Financial Statements

Using the adjusted trial balance shown in Exhibit 1, the financial statements for NetSolutions can be prepared. The income statement, the retained earnings statement, and the balance sheet are shown in Exhibit 2.

1. Income Statement

The income statement is prepared directly from the Adjusted Trial Balance columns of the Exhibit 1 spreadsheet, beginning with fees earned of $16,840. The expenses in the income statement in Exhibit 2 are listed in order of size, beginning with the larger items. Miscellaneous expense is the last item, regardless of its amount.

2. Retained Earnings Statement

The first item normally presented on the retained earnings statement is the balance of the retained earnings account at the beginning of the period. Since NetSolutions began operations on November 1, this balance is zero in Exhibit 2. Then, the retained earnings statement shows the net income for the two months ended December 31, 2013. The amount of dividends is deducted from the net income to arrive at the retained earnings as of December 31, 2013.

For the following period, the beginning balance of retained earnings for NetSolutions is the ending balance that was reported for the previous period. For example, assume that during 2014, NetSolutions earned net income of $149,695 and paid dividends of $24,000. The retained earnings statement for the year ending December 31, 2014, for NetSolutions is as follows:

For NetSolutions, the amount of dividends was less than the net income. If the divi­dends had exceeded the net income, the order of the net income and the dividends would have been reversed. The difference between the two items would then be deducted from the beginning Retained Earnings balance. Other factors, such as a net loss, may also require some change in the form of the retained earnings statement, as shown in the following example:

3. Balance Sheet

The balance sheet is prepared directly from the Adjusted Trial Balance columns of the Exhibit 1 spreadsheet, beginning with Cash of $2,065. The asset and liability amounts are taken from the spreadsheet. The retained earnings amount, however, is taken from the retained earnings statement, as illustrated in Exhibit 2.

The balance sheet in Exhibit 2 shows subsections for assets and liabilities. Such a balance sheet is a classified balance sheet. These subsections are described next.

Assets Assets are commonly divided into two sections on the balance sheet: (1) current assets and (2) property, plant, and equipment.

Current Assets Cash and other assets that are expected to be converted to cash or sold or used up usually within one year or less, through the normal operations of the business, are called current assets. In addition to cash, the current assets may include notes receivable, accounts receivable, supplies, and other prepaid expenses.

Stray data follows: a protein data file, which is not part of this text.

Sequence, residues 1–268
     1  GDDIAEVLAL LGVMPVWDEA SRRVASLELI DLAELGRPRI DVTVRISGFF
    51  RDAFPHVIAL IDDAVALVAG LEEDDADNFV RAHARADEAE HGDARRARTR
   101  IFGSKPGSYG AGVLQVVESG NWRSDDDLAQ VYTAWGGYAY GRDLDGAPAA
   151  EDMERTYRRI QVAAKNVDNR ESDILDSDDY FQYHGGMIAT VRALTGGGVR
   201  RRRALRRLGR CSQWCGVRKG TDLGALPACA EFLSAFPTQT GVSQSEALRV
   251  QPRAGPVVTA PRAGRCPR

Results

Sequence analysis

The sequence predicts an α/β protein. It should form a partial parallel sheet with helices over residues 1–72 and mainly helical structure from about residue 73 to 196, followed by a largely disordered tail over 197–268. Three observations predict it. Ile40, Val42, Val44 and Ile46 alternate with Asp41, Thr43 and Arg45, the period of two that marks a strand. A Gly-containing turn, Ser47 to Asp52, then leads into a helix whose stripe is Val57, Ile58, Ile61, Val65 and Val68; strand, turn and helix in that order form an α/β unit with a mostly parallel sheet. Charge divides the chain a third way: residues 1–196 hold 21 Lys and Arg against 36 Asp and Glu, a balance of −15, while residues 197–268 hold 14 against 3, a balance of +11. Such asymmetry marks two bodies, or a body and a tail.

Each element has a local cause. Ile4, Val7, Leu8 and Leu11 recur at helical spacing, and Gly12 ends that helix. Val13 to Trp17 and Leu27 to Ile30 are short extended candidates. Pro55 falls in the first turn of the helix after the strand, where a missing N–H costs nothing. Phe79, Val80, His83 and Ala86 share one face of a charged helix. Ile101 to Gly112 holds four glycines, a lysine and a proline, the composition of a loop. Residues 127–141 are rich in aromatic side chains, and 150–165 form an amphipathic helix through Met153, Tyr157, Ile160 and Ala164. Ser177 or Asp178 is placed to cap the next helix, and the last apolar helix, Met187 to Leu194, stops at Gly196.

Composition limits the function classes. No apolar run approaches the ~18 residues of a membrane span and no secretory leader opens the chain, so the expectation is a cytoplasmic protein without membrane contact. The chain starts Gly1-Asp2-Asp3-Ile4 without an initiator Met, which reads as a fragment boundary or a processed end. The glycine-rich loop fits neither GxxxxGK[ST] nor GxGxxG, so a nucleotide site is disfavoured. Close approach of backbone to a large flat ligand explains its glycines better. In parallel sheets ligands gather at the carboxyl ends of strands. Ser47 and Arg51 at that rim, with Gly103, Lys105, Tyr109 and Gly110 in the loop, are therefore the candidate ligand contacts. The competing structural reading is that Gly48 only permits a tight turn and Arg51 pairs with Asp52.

Notes receivable are amounts that customers owe. They are written promises to pay the amount of the note and interest. Accounts receivable are also amounts customers owe, but they are less formal than notes. Accounts receivable normally result from providing services or selling merchandise on account. Notes receivable and accounts receivable are current assets because they are usually converted to cash within one year or less.

Property, Plant, and Equipment The property, plant, and equipment section may also be described as fixed assets or plant assets. These assets include equipment, machinery, buildings, and land. With the exception of land, as discussed in Chapter 3, fixed assets depreciate over a period of time. The original cost, accumulated depre­ciation, and book value of each major type of fixed asset are normally reported on the balance sheet or in the notes to the financial statements.

Liabilities Liabilities are the amounts the business owes to creditors. Liabilities are commonly divided into two sections on the balance sheet: (1) current liabilities and (2) long-term liabilities.

Current Liabilities Liabilities that will be due within a short time (usually one year or less) and that are to be paid out of current assets are called current liabilities. The most common liabilities in this group are notes payable and accounts payable. Other current liabilities may include Wages Payable, Interest Payable, Taxes Payable, and Unearned Fees.

Long-Term Liabilities Liabilities that will not be due for a long time (usually more than one year) are called long-term liabilities. If NetSolutions had long-term liabilities, they would be reported below the current liabilities. As long-term liabilities come due and are to be paid within one year, they are reported as current liabilities. If they are to be renewed rather than paid, they would continue to be reported as long term. When an asset is pledged as security for a liability, the obligation may be called a mortgage note payable or a mortgage payable.

Stockholders’ Equity The stockholders’ right to the assets of the business is present­ed on the balance sheet below the liabilities section. The stockholders’ equity is added to the total liabilities, and this total must be equal to the total assets. The stockholders’ equity consists of capital stock and retained earnings.

Source: Warren Carl S., Reeve James M., Duchac Jonathan (2013), Corporate Financial Accounting, South-Western College Pub; 12th edition.

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